Sadly, we will most likely never live in the society we want, and thus never have anything close to the life we want. The next best thing is to live a life where we work hard to make that possible for future generations. And try to make as decent and happy a life for yourself as you can.

I wish you all the best in figuring that out... and do keep us posted on this thread with updates. grin

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Lucky Black Cat
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Sep 12 2018 20:14
Scallywag wrote:
I've not brought up political things like that with my counsellor, I am not so sure that's a good idea, but it gets hard to avoid it.

I wish there were more commie consellors!

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sherbu-kteer
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Sep 15 2018 15:22

This is a very interesting thread, thanks to all for contributing. I thought I might add a bit from the other side of the chaise longue... I've studied a bit of CBT. I haven't had the opportunity to use it yet with any clients, so no experience in that regard but from a directly theoretical point of view there are plenty of downsides to it.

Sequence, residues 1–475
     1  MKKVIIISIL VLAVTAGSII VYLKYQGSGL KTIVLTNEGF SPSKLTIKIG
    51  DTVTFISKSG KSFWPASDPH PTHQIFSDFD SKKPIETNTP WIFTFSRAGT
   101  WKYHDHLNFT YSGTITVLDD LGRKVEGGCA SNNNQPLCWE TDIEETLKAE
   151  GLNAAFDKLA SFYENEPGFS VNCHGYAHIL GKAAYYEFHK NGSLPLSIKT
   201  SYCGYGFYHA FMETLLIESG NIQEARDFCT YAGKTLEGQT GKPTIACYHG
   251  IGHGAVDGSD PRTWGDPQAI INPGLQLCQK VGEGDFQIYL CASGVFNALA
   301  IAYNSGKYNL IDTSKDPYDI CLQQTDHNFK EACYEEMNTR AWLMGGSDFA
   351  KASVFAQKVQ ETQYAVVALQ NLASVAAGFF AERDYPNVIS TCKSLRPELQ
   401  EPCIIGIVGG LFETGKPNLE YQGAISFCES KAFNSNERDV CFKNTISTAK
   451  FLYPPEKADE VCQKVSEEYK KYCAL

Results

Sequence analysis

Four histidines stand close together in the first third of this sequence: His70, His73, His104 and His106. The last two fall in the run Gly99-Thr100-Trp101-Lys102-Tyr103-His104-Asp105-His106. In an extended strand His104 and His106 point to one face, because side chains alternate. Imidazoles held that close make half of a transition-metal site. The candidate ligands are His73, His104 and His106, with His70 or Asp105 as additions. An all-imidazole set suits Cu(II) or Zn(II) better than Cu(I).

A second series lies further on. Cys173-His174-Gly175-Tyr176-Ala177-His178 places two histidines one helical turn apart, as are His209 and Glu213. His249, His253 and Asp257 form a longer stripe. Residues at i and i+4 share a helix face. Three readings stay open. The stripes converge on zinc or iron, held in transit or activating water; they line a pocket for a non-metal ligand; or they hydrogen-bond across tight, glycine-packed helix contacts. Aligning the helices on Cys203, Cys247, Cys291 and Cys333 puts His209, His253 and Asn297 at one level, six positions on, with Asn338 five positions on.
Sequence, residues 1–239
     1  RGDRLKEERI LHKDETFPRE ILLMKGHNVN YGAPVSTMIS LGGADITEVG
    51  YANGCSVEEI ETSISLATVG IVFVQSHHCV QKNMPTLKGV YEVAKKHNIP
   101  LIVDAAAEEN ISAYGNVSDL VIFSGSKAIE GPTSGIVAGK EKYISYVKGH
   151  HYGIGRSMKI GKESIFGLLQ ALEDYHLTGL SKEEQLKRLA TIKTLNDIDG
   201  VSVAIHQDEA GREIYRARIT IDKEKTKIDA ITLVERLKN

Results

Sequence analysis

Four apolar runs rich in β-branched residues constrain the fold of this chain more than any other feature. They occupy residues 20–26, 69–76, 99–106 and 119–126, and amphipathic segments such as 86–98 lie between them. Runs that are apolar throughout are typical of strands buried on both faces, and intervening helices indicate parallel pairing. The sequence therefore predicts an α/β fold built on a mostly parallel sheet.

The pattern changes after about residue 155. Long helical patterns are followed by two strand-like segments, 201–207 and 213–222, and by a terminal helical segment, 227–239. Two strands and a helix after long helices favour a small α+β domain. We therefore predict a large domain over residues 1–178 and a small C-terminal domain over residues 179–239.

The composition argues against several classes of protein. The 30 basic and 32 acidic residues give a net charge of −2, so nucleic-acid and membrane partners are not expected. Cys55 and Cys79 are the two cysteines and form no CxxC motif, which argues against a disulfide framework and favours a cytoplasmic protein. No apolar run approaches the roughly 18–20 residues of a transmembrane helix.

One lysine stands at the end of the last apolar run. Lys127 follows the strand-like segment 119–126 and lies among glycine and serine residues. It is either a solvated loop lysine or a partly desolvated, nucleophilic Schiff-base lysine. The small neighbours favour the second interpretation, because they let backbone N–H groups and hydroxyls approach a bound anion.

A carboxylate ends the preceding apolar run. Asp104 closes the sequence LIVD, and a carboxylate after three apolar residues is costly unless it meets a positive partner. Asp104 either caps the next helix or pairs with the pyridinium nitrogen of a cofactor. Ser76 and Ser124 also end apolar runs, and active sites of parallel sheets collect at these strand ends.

I don't want to get into a whole long spiel, but the neoliberal tsunami of the late '80s led to a shift in the way mental health care was delivered in most western countries. Efficacy (defined as 'value for money') became the order of the day and the newly-empowered layer of managers made it clear that all social support should be structured around 'evidence-based practise'. Methods that could not be clearly validated by empirical research, like psychoanalysis, lost ground to methods that could, like CBT.

From a researcher's point of view, CBT has a lot going for it; studies consistently show that it is particularly effective in the treatment of anxiety disorders. But it doesn't work for all clients, and it contains some philosophically questionable assumptions (for more on that, I recommend these two blog posts: 1, 2 -- sadly mental health researchers and practitioners do not study philosophy anywhere near as much as they should). The reason it's so ubiquitous is because how handy it is from a neoliberal POV -- it (usually) has a defined time-frame, its predefined outcomes are easily measurable, there's an endless backlog of studies and meta-analyses that show it gets results, it's fairly cheap, easy to grasp, you don't even need to pay a therapist to deliver it (as you mentioned, there's the workbooks, and there are even CBT websites and apps that can do it all remotely), etc etc. You put money in, you get a functioning human out.